What are the requirements to invest in a company that you haven’t met in person before? That’s something everyone wrestles with a little bit. What risk are you willing to take in terms of the old traditional way of doing business, versus the world that we’re currently in?
We all benefited – including WCAS – from a lot of work we’d done over the last few years in 2020. We had long-established relationships and we were in front of deals working on them long before they were consummated.
If the pandemic persists for a long time, I really worry about new deal activity and relationship development, which is the core of our sourcing in this world.
I personally don’t think it will, but if this were to continue for another year or two years, you’d be challenged with a different environment in terms of your underwriting policies as it relates to new capital deployment.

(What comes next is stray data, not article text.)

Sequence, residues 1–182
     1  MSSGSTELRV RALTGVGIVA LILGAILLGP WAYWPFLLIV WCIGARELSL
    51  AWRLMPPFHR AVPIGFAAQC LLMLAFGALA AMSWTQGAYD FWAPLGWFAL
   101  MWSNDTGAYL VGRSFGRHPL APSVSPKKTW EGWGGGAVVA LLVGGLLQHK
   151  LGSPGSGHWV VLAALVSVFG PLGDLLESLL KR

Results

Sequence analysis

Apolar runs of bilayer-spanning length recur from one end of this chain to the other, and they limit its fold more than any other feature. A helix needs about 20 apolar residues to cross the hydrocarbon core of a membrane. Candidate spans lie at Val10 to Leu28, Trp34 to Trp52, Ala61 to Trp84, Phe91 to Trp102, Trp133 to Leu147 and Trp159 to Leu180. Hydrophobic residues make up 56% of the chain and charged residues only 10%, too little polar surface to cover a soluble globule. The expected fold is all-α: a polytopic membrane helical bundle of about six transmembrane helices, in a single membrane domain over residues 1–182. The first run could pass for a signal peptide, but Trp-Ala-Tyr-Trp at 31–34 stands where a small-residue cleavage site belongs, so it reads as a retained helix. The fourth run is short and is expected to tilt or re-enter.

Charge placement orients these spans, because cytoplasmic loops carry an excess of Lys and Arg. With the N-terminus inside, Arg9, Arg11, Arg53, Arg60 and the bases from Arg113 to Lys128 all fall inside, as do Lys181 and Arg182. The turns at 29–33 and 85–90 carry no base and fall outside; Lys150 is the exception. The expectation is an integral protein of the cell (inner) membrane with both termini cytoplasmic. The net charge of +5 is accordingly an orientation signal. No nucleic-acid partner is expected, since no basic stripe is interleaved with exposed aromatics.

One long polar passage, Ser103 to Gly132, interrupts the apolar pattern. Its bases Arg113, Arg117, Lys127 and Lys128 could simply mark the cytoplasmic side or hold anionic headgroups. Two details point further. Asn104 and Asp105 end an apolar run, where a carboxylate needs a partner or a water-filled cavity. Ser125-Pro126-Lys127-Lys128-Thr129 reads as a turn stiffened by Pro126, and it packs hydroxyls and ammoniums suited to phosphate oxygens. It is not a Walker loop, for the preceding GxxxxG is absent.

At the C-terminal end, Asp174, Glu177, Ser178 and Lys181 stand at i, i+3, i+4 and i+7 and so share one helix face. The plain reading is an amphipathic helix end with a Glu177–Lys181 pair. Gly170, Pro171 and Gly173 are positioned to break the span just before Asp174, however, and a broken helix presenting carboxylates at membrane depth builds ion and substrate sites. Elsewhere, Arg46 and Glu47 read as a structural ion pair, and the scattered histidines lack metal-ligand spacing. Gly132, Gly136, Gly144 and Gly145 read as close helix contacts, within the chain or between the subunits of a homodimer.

Did any unforeseen opportunities emerge within the portfolio in light of the environment?
No. 1, Clearwater. We did a recap at the end of the third quarter that was facilitated by the resilience of that business model and its value proposition in the marketplace. [Covid] continued demand for really high-quality scaled SaaS businesses. Clearwater is an industry leading, integrated data and SaaS solution for investment portfolio accounting, reporting and analytics.
InnovAge was again very resilient in 2020. We recapped that business in the second quarter in a very successful transaction, and in spite of the pandemic and in spite of all the issues in healthcare.
InnovAge is indexed against an end market – the dual eligible market – that is very powerful. At its core, it keeps Medicare and Medicaid eligible patients out of nursing homes. It keeps you aging in place in the home. That theme is obviously even more powerful today then maybe a couple years ago when we invested in it.